Back in 2012, Rich Fulop and his wife experienced an amazing night's sleep in a luxury Vegas hotel. The sheets were so soft, so crisp and breezy that they decided they had to have a set. When he called down to inquire about purchasing, he discovered the sheets would set him back a whopping $800. He passed, but it sparked an interest in figuring out what made luxury bed sheets so expensive. After all, bedding can be a hard thing to buy. It seems that there's the high-end designer linens that will easily run you $300 a set, or your big box brand of scratchy sheets that most guys settle for. "It just doesn't make sense, particularly for a product you spend so much time in," says Fulop, who spent a year visiting factories with his business partner David Fortune and learning the bedding business. They've since launched Brooklinen, a direct-to-consumer brand offering quality sheets from the same manufacturers as its costly competition, but for a much more reasonable price. We caught up Fulop to talk about building a brand, affordability and what to look for when buying sheets.
So why does quality bedding
cost so much?
There are a wide variety of factors that go in to the cost of a set of sheets, but I'd lump them into two general buckets: production costs and marketing costs. Materials play a huge role in the price—as you'd expect, the higher the quality of the cotton used, the more expensive the sheets will be. Longer staple cotton, for example, increases in the fineness, strength and breathability of the fabric but they cost more. At Brooklinen, we use long-staple Egyptian cotton and have built partnerships with leading factories to make great sheets. To be honest, on the production front, our costs are effectively the same, if not higher, than the designer labels. Where we really do things differently is on the marketing front.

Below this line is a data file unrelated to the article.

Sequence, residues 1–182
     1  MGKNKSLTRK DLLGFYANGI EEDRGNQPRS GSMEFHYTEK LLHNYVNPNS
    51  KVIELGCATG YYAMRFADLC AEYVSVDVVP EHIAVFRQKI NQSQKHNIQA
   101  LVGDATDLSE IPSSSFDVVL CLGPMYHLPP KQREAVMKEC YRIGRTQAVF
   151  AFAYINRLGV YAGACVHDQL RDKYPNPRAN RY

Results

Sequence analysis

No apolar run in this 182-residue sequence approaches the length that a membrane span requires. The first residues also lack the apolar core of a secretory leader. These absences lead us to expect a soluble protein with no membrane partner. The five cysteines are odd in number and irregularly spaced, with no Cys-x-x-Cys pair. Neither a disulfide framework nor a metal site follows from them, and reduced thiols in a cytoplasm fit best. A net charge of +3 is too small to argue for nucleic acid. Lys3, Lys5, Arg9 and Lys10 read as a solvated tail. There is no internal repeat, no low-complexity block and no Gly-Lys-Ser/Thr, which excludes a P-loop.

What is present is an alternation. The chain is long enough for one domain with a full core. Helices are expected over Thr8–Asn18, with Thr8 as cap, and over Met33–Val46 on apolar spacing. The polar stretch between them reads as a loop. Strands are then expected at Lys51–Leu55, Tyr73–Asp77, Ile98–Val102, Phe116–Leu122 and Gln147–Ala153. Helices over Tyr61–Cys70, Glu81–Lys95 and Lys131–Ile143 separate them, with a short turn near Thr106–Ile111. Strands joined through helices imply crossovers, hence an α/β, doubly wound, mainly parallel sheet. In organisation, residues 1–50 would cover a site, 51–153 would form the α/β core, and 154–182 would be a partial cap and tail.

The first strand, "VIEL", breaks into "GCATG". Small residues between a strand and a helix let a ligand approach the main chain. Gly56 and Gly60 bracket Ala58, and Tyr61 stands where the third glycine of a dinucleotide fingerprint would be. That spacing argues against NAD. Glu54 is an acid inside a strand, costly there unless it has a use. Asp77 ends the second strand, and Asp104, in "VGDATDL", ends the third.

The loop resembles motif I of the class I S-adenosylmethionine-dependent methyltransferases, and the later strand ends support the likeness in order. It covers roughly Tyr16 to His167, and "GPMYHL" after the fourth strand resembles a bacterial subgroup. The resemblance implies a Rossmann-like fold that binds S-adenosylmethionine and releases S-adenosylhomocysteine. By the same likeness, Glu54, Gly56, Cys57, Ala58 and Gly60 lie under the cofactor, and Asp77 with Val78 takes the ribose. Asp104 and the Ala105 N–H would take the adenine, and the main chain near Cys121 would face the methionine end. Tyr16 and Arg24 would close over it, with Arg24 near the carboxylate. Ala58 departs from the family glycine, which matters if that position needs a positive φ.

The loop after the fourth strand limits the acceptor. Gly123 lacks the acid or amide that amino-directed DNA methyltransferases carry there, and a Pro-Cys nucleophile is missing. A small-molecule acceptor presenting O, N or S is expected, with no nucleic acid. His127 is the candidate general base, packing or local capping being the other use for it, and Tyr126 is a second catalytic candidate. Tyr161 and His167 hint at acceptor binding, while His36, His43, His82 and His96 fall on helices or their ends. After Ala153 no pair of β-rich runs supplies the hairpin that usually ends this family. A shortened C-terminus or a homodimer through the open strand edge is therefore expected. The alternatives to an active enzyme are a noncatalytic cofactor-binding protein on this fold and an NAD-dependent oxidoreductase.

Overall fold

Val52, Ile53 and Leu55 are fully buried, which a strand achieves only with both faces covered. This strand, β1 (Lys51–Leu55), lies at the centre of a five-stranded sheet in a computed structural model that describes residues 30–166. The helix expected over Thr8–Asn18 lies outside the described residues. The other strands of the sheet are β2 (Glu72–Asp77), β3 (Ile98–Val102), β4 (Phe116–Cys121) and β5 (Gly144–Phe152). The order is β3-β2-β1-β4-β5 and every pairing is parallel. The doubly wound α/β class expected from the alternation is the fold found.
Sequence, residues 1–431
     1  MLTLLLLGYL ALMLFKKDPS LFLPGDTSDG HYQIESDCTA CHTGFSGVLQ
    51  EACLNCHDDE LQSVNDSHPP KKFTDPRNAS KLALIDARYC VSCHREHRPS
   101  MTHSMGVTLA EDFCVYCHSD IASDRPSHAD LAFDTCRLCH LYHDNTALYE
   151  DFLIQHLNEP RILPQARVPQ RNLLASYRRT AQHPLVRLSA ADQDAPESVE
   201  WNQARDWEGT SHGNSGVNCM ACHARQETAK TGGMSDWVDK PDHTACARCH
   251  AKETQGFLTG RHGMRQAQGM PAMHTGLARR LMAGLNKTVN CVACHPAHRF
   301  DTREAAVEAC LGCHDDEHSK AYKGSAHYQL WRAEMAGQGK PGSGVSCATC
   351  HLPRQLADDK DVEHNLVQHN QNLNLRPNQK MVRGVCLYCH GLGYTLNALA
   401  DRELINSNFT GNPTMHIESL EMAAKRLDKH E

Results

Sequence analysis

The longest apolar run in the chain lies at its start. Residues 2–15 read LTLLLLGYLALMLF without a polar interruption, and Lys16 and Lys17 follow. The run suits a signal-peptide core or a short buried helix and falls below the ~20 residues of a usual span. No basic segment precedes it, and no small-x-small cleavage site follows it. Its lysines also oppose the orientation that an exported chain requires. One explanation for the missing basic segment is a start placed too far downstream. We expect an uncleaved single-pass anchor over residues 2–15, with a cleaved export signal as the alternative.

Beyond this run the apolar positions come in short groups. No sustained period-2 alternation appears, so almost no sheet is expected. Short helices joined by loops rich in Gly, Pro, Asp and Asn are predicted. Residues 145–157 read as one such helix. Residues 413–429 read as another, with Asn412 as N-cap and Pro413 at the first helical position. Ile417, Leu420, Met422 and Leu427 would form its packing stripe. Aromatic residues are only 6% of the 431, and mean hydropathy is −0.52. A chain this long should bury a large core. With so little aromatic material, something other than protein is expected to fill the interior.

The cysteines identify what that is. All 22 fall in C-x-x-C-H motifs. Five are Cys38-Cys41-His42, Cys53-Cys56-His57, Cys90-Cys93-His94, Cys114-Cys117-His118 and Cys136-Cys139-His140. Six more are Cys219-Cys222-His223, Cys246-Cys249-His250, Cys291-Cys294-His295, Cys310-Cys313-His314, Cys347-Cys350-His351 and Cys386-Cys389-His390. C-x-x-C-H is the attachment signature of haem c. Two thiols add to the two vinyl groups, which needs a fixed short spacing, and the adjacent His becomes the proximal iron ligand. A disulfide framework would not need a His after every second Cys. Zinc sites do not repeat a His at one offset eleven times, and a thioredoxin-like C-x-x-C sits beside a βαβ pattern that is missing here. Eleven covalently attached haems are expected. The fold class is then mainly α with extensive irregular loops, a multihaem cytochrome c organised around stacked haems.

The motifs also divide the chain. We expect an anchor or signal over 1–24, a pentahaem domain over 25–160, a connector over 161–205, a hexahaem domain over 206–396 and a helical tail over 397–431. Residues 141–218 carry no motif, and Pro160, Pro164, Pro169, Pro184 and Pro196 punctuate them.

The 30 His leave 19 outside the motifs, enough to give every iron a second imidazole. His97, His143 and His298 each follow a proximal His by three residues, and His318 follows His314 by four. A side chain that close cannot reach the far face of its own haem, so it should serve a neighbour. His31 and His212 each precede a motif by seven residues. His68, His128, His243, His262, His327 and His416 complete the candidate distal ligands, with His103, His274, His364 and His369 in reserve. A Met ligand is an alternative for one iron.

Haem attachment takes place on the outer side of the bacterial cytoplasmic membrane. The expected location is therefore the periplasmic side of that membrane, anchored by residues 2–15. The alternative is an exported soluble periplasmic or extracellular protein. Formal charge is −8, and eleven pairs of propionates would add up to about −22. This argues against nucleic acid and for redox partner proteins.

That's how you're able to produce such high quality product and keep the price down?
Exactly. Because sheets are typically sold in brick-and-mortar retail, designer bedding inherently has a long supply chain involving significant costs. These costs include wholesaling, distribution, slotting fees and licensing fees. And they add significantly to the price the consumers pays without delivering any real value in terms of higher quality or convenience. By cutting out the middlemen and selling direct-to-consumer, we eliminate those costs. We also keep our margins low and pass the savings on to our customers.
The sheets come in a reusable linen tote bag and recycled paper packaging.
Perhaps you can explain
to the average guy: what's the deal with thread count?
The term "thread count" is a barrier we're working to overcome. We've heard, 'I can get 1500 count sheets for $29.99, why should I buy yours?' But first things first: what is thread count? It's the number of threads woven together in a square inch. You count both warp and weft threads. So 100 lengthwise threads woven with 100 widthwise threads produces a thread count of 200. The idea is, higher thread counts require finer threads and the finer the threads you use, the softer the fabric should be. But many brands use "creative math" to inflate thread counts, so you think you're getting a luxury product when you're not. There's a finite amount of thread you can weave into a square inch so to achieve those high numbers, certain manufacturers use sub-par materials like polyester or count not just each thread, but each ply spun together to make the thread.
What should a guy look for when buying bedding?
When shopping for sheets, you should look for ones made from the right materials (cotton offers maximum breathability), and choose a set that feels great to the touch. Ultimately, you're the one who has to sleep on it and it should feel good to you—that's way more important than any advertised number of the package.